Total Pageviews



Monday, June 4, 2018

Short Leg Syndrome: Email Advice

Hi Dr. Blake

I came across your blog and have found it really helpful, thank you for posting there. I hope you don't mind but I was hoping for some basic advice.

I have been suffering from low back pain and right anterior hip for about 3-4 years and have seen a variety of medical professionals (physios, chiros, orthos etc) with limited success. I have been getting contradictory advice from different medical professions so hoped you could help. 

A physiotherapist told me 1 year ago I had a true LLD (Limb Length Discrepancy) of approx 1 cm (measured by looking at my ankle bones with me lying down) and I got an orthotic made with 0.5cm (~50% of my LLD) heel lift in my short right leg. This didn't really help with my symptoms after wearing it for about half a year. 6 months ago a chiropractor told me based on x-rays I had a 1.6cm true LLD so advised me to up my heel lift to 1.5cm. Again this extra lift hasn't really helped with my symptoms after wearing it for 4-5months and I found it caused some foot pain as it was a very high heel lift.

Recently I have been working another physiotherapist who believes a lot LLD are functional so has been giving me a correct exercise programme aimed at addressing this. 

I am very confused about whether I have a true or functional LLD. My chiro x-rays were taken standing in my bare feet so I thought this proved it a true LLD as it measures the tops of the femurs being off by 1.6cms (see pics below).

Any advice you could offer would be much appreciated.

Thank you in advance

Kind Regards

Before Lifts

After Lifts

Dr. Blake's comment: Thank you so very much. It is so hard to know all the causes of your problem and being a podiatrist, I am very limited in the advice I could give you. First of all, when you put in the lifts, the spine looked so much better with the hip and sacral base still low. Also, it looks like some of the most compression of the spine without the lift is around L1 and L2. This can give both anterior hip and low back pain easily. Please have a Nerve Conduction Study with EMG to see what is involved. Also, have an MRI of the Low Back and see if L1 and L2 are injured. Then decisions can be made. 
     From my viewpoint, I would use around 15 mm for 3 months under the left as close to full length and see what symptoms change. Of course, if there is increasing pain, blame the lifts, and remove. If no untoward effects, I hope after 3 months you can go up to 20 mm. You have some scoliosis and need to be put on a program of back strengthening and stretching that is appropriate for your curves. Typically, the concave side of the curve gets tighter, and the convex side looser, so you stretch the concave side and strengthen the convex side.  
     To do this correctly you have to have several shoes with the full-length built up on the outside of the shoe that you can stay with for the 3-month experiment. You have to have some full-length lifts of 1/8 th inch to put in your right side if you need to lessen the overall lift for a while.  Hope this helps some. Rich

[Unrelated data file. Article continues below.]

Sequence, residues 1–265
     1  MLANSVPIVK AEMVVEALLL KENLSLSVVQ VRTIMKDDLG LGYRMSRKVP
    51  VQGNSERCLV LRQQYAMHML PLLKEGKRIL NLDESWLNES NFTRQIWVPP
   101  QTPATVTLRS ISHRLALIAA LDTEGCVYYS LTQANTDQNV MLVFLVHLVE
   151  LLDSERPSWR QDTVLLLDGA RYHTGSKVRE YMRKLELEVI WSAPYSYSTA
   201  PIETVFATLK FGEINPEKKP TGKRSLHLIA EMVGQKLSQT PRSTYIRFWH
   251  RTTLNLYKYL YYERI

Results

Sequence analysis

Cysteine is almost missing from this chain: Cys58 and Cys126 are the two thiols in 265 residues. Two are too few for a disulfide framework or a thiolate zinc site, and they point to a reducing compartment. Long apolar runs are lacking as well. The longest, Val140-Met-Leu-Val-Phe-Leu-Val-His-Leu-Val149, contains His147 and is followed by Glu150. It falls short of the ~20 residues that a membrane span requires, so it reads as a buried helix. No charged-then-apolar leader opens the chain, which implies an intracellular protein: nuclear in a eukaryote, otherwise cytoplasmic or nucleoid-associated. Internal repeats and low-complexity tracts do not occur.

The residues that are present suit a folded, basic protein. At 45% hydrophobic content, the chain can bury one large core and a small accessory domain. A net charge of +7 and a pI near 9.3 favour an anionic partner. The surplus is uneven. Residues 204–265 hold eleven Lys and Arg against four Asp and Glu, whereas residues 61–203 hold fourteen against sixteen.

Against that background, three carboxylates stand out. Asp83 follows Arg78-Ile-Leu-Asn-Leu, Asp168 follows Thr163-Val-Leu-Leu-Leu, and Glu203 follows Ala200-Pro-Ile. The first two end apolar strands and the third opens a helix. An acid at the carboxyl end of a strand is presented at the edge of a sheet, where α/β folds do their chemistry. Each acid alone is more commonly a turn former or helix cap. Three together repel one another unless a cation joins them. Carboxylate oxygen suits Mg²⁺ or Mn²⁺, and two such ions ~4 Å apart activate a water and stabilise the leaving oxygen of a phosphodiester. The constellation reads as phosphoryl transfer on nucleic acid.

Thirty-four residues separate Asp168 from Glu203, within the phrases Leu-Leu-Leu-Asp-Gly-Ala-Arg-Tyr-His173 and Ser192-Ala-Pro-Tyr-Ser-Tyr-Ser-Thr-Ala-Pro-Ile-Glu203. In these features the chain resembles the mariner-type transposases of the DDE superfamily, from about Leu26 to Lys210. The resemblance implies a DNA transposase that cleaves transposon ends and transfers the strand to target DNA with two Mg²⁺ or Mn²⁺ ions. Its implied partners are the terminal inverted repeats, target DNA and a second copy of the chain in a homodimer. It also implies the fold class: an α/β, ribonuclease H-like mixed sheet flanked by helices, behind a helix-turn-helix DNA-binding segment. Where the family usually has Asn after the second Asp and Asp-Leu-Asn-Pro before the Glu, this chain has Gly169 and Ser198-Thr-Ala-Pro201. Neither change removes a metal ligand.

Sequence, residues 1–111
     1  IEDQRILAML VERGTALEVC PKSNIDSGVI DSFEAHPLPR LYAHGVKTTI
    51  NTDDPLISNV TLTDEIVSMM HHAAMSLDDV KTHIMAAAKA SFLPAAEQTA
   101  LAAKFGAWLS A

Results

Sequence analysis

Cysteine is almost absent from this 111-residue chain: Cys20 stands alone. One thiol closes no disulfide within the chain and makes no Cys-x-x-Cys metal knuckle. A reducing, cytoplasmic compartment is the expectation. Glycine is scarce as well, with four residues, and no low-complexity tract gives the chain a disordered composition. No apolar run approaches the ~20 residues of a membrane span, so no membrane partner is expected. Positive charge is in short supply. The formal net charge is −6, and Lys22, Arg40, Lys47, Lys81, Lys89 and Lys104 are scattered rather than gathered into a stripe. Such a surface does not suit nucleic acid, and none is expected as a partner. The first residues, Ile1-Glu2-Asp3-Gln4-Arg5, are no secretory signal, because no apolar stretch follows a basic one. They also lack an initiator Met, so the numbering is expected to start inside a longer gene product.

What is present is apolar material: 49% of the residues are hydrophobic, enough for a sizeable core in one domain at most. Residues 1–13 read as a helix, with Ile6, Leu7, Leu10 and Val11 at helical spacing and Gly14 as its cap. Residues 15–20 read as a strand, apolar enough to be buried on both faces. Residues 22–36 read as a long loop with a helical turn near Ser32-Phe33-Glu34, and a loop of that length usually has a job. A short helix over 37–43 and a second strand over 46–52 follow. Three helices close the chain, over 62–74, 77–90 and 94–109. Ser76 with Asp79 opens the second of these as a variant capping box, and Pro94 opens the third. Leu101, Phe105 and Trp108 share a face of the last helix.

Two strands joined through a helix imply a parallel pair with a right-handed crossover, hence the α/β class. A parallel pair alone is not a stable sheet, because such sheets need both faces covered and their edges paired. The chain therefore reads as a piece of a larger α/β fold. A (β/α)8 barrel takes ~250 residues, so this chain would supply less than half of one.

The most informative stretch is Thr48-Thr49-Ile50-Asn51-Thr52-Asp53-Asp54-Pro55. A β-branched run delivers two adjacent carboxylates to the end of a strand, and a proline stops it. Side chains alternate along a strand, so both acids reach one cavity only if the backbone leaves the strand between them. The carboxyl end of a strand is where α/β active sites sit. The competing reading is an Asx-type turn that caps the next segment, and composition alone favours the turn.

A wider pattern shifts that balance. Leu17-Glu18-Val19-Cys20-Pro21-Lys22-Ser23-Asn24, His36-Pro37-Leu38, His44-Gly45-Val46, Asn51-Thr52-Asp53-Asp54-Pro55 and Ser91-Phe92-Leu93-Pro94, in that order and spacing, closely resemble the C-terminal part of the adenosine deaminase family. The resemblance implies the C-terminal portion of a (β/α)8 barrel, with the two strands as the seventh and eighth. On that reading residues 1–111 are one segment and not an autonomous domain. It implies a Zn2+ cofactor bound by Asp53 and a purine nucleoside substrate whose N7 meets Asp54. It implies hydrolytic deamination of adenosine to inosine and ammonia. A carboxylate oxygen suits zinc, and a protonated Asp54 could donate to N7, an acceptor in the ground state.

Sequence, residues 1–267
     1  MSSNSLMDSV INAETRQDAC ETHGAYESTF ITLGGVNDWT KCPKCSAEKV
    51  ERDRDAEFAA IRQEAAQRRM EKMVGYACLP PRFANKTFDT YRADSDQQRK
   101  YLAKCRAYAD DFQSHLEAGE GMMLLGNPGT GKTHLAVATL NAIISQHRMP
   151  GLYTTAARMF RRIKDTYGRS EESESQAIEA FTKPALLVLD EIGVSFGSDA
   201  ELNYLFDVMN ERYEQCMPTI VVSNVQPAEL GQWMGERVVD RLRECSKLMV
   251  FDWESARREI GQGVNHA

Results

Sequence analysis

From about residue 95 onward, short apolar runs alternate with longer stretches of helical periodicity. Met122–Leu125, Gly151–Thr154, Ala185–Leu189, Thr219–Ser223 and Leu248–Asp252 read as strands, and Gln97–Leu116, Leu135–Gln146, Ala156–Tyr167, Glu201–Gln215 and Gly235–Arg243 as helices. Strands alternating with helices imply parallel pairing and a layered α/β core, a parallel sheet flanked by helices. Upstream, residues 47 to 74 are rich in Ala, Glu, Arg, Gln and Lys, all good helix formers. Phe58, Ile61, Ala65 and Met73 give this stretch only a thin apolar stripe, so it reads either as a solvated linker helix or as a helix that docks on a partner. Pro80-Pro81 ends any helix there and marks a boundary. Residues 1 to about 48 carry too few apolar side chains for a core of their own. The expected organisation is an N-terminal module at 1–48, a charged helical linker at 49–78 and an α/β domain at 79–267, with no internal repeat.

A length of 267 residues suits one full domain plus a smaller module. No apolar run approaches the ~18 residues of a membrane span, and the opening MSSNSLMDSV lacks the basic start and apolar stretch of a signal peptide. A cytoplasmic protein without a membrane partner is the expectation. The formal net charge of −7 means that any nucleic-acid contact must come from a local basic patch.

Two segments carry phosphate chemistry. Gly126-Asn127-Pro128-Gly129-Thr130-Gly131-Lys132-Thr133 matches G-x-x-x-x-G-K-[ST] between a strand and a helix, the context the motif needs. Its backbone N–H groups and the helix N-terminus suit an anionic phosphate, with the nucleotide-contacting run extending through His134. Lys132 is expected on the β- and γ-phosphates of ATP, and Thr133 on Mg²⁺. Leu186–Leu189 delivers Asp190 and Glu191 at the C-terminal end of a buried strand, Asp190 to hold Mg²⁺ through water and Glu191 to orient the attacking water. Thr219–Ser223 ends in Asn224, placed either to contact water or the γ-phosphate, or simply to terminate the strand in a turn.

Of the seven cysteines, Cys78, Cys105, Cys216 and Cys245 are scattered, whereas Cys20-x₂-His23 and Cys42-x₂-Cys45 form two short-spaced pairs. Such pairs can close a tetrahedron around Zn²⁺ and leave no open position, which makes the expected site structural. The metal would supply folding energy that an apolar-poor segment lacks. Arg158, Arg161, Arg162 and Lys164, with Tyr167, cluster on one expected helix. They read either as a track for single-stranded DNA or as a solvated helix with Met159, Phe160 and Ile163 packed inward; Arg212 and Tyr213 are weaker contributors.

The Patient then Responded:

Thanks so much for your reply. 

I had 2 questions if you could find the time

  1. You advise I use a shoe with a lift on the outside of the shoe as opposed to a heel lift or orthotic with heel lift in the short leg? Using a heel lift is obviously easier to manage as it can be moved from shoe to shoe as opposed to being tied to shoes that have to be built up. A heel lift is a bad idea for an LLD of what I have (1.6cm)? Dr. Blake's comment: I think heel lifts can produce more instability at the heel over a full-length lift. You can limit your shoe wearing with full length lifts tapered at the toes, although there is so much crowding at this amount that it may make it hard. So much of this process is experimentation to see how you feel. All I am suggesting is that you try one or two pairs of shoes built up to see the difference. It is a $50 experiment per shoe and can be removed if it does not work. So many patients feel so much more stable, actually lifted more than shoe inserts, and so much better shoe fit overall. It becomes an individual decision, but so many of my patients prefer it. Try it on one pair of shoes. Nothing to lose but time. Here is my video playlist on short leg syndrome:        
  2. You suggest I go up to 2cm even though my x-ray shows my LLD is 1.6cm and wondered why 2cm? Dr. Blake's comment: If I have labeled the image entitled "after lifts" correctly in the images above, you are still not level completely at the hips, and probably most importantly base of the spine. We call it Sacral Base Unevenness and it is more important to a lot of patients that this be level than leg length correction at the hips. If you look at how L5 sits on top of the sacrum, you can see that the sacrum still falls to the left. Once you have the lifts in, taking this one xray called AP Pelvic Standing with 20 mm lift under the left side should be done. You can send me the image. 

Thanks again

Kind Regards

1 comment:

  1. Interesting article on Short Leg Syndrome. Take a look at my published research, you will find it important whenconsidering therapy.


Thank you very much for leaving a comment. Due to my time restraints, some comments may not be answered.I will answer questions that I feel will help the community as a whole.. I can only answer medical questions in a general form. No specific answers can be given. Please consult a podiatrist, therapist, orthopedist, or sports medicine physician in your area for specific questions.